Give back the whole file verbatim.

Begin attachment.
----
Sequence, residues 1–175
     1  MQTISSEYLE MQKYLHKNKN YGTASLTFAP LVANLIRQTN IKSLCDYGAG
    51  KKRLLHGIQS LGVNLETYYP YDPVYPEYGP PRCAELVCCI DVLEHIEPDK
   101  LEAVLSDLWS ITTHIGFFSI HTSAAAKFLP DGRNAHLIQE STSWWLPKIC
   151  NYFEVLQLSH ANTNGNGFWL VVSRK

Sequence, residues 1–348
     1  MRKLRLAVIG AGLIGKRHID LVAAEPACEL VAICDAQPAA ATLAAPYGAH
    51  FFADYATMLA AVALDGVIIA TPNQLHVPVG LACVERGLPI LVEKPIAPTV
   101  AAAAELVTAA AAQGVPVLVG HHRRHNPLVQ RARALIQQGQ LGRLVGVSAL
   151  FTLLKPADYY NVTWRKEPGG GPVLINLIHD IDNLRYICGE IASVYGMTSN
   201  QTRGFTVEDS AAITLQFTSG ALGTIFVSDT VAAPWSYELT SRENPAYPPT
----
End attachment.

Sequence, residues 1–175
     1  MQTISSEYLE MQKYLHKNKN YGTASLTFAP LVANLIRQTN IKSLCDYGAG
    51  KKRLLHGIQS LGVNLETYYP YDPVYPEYGP PRCAELVCCI DVLEHIEPDK
   101  LEAVLSDLWS ITTHIGFFSI HTSAAAKFLP DGRNAHLIQE STSWWLPKIC
   151  NYFEVLQLSH ANTNGNGFWL VVSRK

Sequence, residues 1–348
     1  MRKLRLAVIG AGLIGKRHID LVAAEPACEL VAICDAQPAA ATLAAPYGAH
    51  FFADYATMLA AVALDGVIIA TPNQLHVPVG LACVERGLPI LVEKPIAPTV
   101  AAAAELVTAA AAQGVPVLVG HHRRHNPLVQ RARALIQQGQ LGRLVGVSAL
   151  FTLLKPADYY NVTWRKEPGG GPVLINLIHD IDNLRYICGE IASVYGMTSN
   201  QTRGFTVEDS AAITLQFTSG ALGTIFVSDT VAAPWSYELT SRENPAYPPT